area to exchange heat with the air. For intermittant duty (like
starting a car engine) we can extract quite a bit more power, because we
will turn the motor off before it overheats.
The same motor might be able to develop many horsepower for a short
period of time, but only a fraction of a horsepower for continuous duty.
For instance you can overheat your starter motor by hanging on t he key
and grinding away on a cold morning. The maker's marketing dept likes
to sell the product by giving it the highest horsepower rating they
dare, and they dare more and more as the years go by.
Rule of thumb, electric motors of the same size and weight are good
for the same amount of horsepower in real service (as opposed to
Motor current rating is usually concerned with fuse blowing. The
motor draws its max current under "infinite" load, i.e. with the rotor
Some loads, (for instance table saws) can load the motor enough to stall
it. The current rating is the the stall current rating. The 14 amp
stall current will twist harder (produce more stall torque) than the 10
amp will. This is acheived by using a lower resistance (thicker wire)
Electric motors are better than 90% efficient. 100% efficient motors
use 745 electrical watts to produce a mechanical horsepower. 90%
efficient motors use 827 watts to produce a horsepower. 827 Watts is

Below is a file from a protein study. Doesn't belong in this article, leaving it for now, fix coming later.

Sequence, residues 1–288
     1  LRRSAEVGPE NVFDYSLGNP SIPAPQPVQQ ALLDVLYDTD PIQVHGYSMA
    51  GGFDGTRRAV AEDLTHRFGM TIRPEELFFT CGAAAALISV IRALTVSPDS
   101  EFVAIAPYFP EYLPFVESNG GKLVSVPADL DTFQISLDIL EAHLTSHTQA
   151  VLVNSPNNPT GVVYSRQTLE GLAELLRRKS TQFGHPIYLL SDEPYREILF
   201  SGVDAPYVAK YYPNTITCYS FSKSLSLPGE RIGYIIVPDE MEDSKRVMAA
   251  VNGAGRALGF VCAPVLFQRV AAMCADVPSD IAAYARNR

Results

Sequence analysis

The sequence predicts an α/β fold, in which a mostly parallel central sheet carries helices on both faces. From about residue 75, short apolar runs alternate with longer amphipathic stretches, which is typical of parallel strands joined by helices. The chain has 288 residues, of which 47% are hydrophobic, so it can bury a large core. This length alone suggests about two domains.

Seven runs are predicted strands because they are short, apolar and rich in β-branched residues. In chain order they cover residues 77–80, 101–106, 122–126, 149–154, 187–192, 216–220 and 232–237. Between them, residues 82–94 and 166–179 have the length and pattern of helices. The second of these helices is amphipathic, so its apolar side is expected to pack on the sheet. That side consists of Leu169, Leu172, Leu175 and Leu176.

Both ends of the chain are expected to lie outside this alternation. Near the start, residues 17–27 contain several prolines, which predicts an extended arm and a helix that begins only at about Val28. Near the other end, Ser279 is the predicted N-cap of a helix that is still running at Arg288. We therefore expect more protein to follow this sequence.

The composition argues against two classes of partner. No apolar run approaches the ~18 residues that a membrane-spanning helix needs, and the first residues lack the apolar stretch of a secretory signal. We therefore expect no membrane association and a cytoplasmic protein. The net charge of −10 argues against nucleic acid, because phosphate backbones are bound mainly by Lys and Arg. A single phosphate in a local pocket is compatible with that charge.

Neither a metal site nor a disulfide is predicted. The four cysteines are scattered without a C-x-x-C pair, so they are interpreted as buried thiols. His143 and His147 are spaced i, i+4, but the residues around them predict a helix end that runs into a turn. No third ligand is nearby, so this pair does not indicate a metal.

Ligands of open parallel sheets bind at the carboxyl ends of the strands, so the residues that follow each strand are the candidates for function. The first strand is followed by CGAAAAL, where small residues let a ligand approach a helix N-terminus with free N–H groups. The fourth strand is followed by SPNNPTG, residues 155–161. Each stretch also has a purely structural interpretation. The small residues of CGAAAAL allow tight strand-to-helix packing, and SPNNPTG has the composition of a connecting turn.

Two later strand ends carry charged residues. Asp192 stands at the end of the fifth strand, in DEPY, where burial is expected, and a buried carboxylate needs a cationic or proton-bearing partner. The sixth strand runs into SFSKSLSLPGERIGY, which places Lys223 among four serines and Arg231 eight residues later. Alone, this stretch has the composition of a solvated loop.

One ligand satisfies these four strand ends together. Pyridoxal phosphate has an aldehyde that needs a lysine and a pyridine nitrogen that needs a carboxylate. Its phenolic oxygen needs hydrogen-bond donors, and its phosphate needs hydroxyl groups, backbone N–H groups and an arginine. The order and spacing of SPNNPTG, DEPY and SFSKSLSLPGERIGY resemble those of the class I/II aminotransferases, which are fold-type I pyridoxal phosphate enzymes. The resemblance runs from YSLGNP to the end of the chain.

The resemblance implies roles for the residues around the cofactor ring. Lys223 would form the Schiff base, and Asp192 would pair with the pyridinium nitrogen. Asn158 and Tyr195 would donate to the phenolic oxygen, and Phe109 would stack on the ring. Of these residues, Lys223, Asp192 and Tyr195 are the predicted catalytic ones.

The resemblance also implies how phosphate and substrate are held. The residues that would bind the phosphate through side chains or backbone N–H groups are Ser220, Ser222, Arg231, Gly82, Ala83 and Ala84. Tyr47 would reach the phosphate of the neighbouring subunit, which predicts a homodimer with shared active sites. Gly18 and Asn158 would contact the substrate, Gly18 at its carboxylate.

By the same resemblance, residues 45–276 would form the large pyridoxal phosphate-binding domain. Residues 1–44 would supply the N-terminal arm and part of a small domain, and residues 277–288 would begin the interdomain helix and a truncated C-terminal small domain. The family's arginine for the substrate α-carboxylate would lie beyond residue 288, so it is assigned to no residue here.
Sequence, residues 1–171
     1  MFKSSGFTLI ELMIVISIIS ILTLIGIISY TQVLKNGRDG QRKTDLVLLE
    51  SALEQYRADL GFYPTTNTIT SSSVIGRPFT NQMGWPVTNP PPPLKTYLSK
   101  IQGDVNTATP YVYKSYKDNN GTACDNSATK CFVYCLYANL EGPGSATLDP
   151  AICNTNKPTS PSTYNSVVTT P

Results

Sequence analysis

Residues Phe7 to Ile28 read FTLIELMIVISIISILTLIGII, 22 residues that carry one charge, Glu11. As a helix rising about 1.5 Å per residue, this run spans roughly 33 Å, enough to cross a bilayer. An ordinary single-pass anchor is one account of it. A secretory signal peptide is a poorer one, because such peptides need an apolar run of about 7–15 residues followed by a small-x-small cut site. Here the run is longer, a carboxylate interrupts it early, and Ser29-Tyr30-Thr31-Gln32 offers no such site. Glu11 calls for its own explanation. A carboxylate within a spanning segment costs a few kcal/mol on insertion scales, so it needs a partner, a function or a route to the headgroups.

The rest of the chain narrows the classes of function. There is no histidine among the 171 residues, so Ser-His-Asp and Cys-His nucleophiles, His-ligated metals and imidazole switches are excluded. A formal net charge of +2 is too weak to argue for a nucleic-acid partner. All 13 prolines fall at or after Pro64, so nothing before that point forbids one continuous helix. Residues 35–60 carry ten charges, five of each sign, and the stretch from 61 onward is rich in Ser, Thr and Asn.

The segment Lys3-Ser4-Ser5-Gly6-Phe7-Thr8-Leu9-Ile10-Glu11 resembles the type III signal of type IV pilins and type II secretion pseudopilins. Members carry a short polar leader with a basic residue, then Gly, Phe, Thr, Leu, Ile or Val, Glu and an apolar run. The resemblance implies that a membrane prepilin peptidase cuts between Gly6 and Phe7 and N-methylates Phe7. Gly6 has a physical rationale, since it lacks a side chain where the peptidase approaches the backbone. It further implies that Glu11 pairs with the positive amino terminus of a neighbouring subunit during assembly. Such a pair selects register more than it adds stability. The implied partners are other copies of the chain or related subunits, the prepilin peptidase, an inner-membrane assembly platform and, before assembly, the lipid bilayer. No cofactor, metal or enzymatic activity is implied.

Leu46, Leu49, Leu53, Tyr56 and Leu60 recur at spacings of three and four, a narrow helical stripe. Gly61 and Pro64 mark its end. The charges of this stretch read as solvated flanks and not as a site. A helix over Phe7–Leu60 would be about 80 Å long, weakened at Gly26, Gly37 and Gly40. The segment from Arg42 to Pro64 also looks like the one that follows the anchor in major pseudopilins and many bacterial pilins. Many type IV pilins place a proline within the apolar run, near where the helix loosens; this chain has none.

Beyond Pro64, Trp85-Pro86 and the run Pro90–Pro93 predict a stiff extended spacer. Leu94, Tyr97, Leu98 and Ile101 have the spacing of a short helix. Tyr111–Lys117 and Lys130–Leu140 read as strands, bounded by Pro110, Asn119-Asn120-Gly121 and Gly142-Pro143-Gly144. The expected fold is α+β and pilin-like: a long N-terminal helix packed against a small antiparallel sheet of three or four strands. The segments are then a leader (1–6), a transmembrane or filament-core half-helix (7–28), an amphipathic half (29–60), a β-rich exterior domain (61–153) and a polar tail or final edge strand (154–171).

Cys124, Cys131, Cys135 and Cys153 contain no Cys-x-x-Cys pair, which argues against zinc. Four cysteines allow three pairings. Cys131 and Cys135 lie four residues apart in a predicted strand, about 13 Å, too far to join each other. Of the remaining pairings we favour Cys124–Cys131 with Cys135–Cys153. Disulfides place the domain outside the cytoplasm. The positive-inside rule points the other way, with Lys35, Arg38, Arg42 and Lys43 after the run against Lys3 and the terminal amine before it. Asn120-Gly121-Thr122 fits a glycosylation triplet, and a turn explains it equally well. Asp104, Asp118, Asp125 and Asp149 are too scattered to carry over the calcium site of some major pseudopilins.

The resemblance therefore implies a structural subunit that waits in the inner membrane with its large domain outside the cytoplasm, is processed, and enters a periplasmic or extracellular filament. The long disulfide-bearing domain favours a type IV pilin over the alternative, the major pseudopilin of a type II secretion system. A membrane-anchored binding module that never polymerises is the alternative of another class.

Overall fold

6.89 amps on a 120 volt circuit.
So, go with the 14 amp Craftsman if it is a deal. It will run just
as cool as the original motor, and perhaps have a little more starting
torque (which is a good thing). Or it might simply have a more
marketing driven stall current rating. If they are the same size
(aprox) then they will produce the same amount of useable mechanical power.
The National Electric Manufacturers Association (NEMA) controls the
rating of "standalone" motors, and NEMA requires a continuous duty
rating for motor power. Tools with built in, cannot-be-sold-by-them
-selves, motors like shop vacs and radial arm saws are not NEMA rated
and the maker usually gives an optomistic peak power rating.
Your post is accurate as I see it with only a couple of small nits to
pick about only" heat limiting power".
All it needs is the stipulation that the motor stays in synch with
Power factor and pole-slippage also limits what one gets to test at
Induction motors' biggest problem, aside from weight, is their limited
To get the tip speed on small diameter components to a usable
velocity, such as small router bits in edgebanders, for instance, one
has to increase the frequency of the supply...IF one wants to deal
with induction motors. Induction motors are preferred in those
applications, simply because when they're held withing their operating
range, the rotation speed is constant.
7 amps for a 1 HP induction motor at 120 volts is a reasonable
Sears has never been known for being conservative in their claims of motor HP;
quite the opposite, in fact.
Make sure you're comparing apples to apples, and not oranges: if the 10A
rating on the Delta motor is continuous-duty current, but the 14A rating on
the Craftsman motor is (as I suspect) locked-rotor current, you're better off
with the Delta.
Doug Miller (alphageek at milmac dot com)